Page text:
About 70% of Guam's population could become immune to COVID-19 around August or September if the ongoing vaccinations continue, making the widespread infection of the virus unlikely later this year, according to the chairman of the governor's Physicians' Advisory Group.
Dr. Hoa Nguyen, who is also a principal at American Medical Center, said Guam is likely to have "herd immunity" from COVID-19 in seven to eight months.
Herd immunity is achieved when most of a population is immune to an infectious disease, according to a report posted on Johns Hopkins Bloomberg School of Public Health's website.
For example, if 80% of a population is immune to a virus, 4 out of every 5 people who encounter someone with the disease won’t get sick and won’t spread the disease any further, the report states.
Guam's COVID-19 situation has been "improving" and it is doing "better" than last year, Nguyen said. He noted the Pfizer and Moderna vaccines are now available to fight the virus that causes COVID-19.
"It's going to take us about probably August, September before we get 70% of the population of Guam to be vaccinated and what we consider some type of herd immunity," Nguyen said at the Rotary Club of Tumon Bay's first meeting of the year.
The World Health Organization, in a Dec. 31, 2020, question-and-answer presentation, stated the proportion of the population that must be vaccinated against COVID-19 to begin inducing herd immunity is not known, adding: "This is an important area of research and will likely vary according to the community, the vaccine, the populations prioritized for vaccination, and other factors."
Guam has administered more than 10,000 doses of COVID-19 vaccines for health care personnel and elderly 60 years and above.
Nguyen encouraged vaccination, which he said will protect one from the severe symptoms of the virus. One can still get the virus even if immunized, but hospitalization and death could be avoided.
Vaccinated firefighter gets COVID-19
Reports of a firefighter who recently tested positive for COVID-19 after getting his second dose of the vaccine serves as a cautionary tale, said Nguyen.
“The first vaccine will give you about 50% immunity, and the second shot will get you to about 95%,” he said. “Even after the second shot, it doesn’t mean you won’t catch the virus.”
He said people can still get infected by the novel coronavirus if they don’t wear a mask, wash their hands frequently, and avoid crowds and practice social distancing.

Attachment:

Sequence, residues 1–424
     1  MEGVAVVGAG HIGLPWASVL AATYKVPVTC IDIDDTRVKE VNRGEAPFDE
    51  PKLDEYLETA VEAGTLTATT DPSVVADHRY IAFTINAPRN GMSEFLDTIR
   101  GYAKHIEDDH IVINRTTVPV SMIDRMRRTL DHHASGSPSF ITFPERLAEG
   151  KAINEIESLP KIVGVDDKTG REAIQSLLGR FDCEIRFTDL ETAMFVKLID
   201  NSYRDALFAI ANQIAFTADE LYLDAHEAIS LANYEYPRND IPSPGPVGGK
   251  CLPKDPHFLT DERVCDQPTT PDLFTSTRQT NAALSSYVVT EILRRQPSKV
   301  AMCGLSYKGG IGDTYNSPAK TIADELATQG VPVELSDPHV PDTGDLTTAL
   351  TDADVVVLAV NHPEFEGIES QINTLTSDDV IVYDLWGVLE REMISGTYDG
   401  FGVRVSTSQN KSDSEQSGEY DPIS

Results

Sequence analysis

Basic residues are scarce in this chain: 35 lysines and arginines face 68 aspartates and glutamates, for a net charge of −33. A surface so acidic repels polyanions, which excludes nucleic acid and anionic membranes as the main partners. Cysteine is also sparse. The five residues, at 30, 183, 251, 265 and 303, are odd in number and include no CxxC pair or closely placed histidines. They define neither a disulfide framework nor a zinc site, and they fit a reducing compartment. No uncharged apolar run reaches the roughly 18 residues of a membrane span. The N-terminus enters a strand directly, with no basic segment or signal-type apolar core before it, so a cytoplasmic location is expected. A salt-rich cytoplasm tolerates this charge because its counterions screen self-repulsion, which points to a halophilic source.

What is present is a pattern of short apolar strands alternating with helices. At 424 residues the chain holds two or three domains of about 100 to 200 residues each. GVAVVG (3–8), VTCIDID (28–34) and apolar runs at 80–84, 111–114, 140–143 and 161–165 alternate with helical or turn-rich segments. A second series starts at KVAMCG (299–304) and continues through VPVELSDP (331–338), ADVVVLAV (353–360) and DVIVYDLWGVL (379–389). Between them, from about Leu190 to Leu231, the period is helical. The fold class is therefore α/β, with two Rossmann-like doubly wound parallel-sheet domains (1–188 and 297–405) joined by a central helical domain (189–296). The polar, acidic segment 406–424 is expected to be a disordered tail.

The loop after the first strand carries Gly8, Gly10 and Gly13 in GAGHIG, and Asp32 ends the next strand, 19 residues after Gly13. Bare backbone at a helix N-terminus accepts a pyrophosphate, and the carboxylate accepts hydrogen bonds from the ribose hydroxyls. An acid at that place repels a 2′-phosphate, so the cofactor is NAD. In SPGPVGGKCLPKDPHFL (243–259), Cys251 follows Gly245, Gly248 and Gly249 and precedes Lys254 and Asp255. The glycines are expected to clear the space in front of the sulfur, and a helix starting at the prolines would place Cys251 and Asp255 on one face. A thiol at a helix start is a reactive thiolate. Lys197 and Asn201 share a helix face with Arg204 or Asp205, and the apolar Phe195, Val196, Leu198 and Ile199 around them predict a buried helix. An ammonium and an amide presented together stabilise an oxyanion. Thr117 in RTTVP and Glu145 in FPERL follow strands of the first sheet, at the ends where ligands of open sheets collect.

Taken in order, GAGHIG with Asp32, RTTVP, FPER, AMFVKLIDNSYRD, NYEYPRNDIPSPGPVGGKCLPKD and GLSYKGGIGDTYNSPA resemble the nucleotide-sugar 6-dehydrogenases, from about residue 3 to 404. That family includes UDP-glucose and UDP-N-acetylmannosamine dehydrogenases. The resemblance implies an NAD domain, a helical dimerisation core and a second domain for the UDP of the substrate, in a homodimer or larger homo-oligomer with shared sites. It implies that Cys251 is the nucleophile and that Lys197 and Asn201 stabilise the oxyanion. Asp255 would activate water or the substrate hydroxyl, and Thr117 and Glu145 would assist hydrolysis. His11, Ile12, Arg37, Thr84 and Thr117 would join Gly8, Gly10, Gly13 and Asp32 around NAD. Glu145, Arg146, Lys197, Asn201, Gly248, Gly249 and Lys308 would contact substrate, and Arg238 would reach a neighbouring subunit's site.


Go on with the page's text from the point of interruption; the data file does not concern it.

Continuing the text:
“People think that we have the vaccine, we’re done (with the pandemic). No, no we’re not done,” he said. “The only thing the vaccine does is it cuts down the hospitalization and death rate but it doesn’t mean you won’t catch the virus.”
And even with vaccination, officials have urged everyone to still follow the 3Ws: wear a mask, wash hands frequently, and watch your distance from others to avoid getting or spreading the virus that causes COVID-19.
"Vaccination doesn't mean that we're going to stop testing. We're going to need to test more," Nguyen said.
Nguyen said the government of Guam recently ordered an additional 125,000 antigen tests for Guam.
Continued testing will be needed "probably into the next year in order to put Guam where we are right now or better," he said.
Nguyen and Guam Hotel and Restaurant Association President Mary Rhodes presented a GHRA-AMC project that aims to rapidly test workers for COVID-19 in the hopes of reopening the tourism industry.
"This mass testing of employees is with a plan to get back to work safely and continue to maintain operations," Rhodes said.
The plan to regularly test employees will help improve public confidence and maintain operations so Guam doesn't have to return to shutting down businesses, GHRA said.
GHRA's plan under its Ta Na Homlu I Isla-Ta or "Let’s Heal our Island" initiative is to test at least 10,000.
The program aims to send teams to test employees at a location chosen by the participating employers, using rapid test kits.
Rhodes said now that the Department of Public Health and Social Services is administering the vaccines besides testing, GHRA and its partners can help with the mass testing to help reopen tourism.
"We hope that people will participate in this program to regularly test their employees. We’re really looking at all possible mix of industries and it’s not just hotels and restaurants that GHRA has," Rhodes said. "You don't have to be part of the GHRA to be a part of this program. Anyone can sign up."
Rhodes said the serology test costs $55 and an antigen test costs $100, but the latter can be reduced to $60 if Public Health allows GHRA to use Binax test kits from the federal government.
GHRA's request for support from the government of Guam using Coronavirus Aid, Relief, and Economic Security, or CARES, Act funds wasn't approved, Rhodes said.
Rhodes, at the same time, said there's an average of 3,000 military personnel staying at Guam hotels, and this has been keeping the hotel industry afloat amid the COVID-19 pandemic.
They are in addition to military personnel who are here for military exercises, such as the Exercise Sea Dragon. Exercise participants are required to adhere to COVID-19 mitigation measures.
There are 16 hotels authorized to accept military personnel and contractors, Rhodes said.